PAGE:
Margo LaPierre


Mauve-mottled mountains spear the clouds, a roller
coaster of stilled bones, pastels creak 
in the crowing wind of the fairgrounds. 
Old wooden fences hold back zombies.
The young ones’ eye sockets 
level with my charging breath. 
My husband holds my hand. Blood warmth. 
My dead cat is here, alive now, his ears
frostbitten, so I take the velvet slips in my hands
gently to warm them up, sweet kitten. 
They warm up. I wake up. 
The slatted wood a hiding place, ants crawling
spaces where sleep falls away, a car 
pulls in, headlights broad as childhood. 
The groundwood disintegrates soft under my feet. 
My feet disintegrate soft into the ground.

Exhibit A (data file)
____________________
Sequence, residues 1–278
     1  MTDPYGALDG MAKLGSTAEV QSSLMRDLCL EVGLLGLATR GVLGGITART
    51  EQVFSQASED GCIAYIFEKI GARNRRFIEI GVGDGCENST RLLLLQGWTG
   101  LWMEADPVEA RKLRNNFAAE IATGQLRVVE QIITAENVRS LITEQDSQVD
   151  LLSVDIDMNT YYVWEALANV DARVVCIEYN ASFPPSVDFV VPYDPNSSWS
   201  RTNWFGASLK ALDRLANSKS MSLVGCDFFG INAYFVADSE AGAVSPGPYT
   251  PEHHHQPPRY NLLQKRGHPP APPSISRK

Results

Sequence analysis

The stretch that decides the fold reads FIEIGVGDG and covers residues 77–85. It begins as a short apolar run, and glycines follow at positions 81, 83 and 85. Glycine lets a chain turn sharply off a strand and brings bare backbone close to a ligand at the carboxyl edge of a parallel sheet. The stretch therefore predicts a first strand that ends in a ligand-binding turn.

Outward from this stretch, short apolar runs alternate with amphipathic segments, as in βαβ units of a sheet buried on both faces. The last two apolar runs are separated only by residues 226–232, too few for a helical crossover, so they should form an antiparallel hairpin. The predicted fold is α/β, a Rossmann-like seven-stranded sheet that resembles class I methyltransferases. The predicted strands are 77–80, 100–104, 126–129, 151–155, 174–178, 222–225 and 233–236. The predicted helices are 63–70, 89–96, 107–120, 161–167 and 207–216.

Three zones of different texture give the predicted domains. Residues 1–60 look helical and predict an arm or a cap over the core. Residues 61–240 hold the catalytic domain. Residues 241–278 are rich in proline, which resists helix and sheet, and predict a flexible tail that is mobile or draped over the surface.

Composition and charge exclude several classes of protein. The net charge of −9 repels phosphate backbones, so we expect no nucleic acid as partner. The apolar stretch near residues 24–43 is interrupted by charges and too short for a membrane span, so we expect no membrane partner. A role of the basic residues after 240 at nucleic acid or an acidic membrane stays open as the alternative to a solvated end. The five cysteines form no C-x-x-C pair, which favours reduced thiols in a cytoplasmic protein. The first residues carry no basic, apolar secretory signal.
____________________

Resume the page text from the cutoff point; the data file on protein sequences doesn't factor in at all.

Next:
My old drug-dealer sex hookup 
waits in his pink convertible, moving new 
shit, that superdangerous stuff that makes you
an exoskeleton if you take too much. 
I can see him from inside while we talk on the phone, 
discuss what I will wear. He starts on about his 
gun and I remember when he first tipped his 
backpack over my bed and it tumbled out 
and my belly constricted. I’m not ready, I tell him 
to go on ahead. My husband drops me at the theatre. 
I walk over to the pink convertible, get in the car. 
We rev and roll, a beach clotting the air 
with sand. A surf, shooting blue plumes
into the sun. The horizon is a cliff. I say, stop. 

Margo LaPierre is an award-winning queer, bipolar Canadian poet, editor, and author of Washing Off the Raccoon Eyes (Guernica Editions, 2017). She is Arc Poetry Magazine’s newsletter editor and member of poetry collective VII. Her work has been published in RoomArcfilling StationCAROUSELcarte blanchePRISM, and others. Find her on Twitter @margolapierre.

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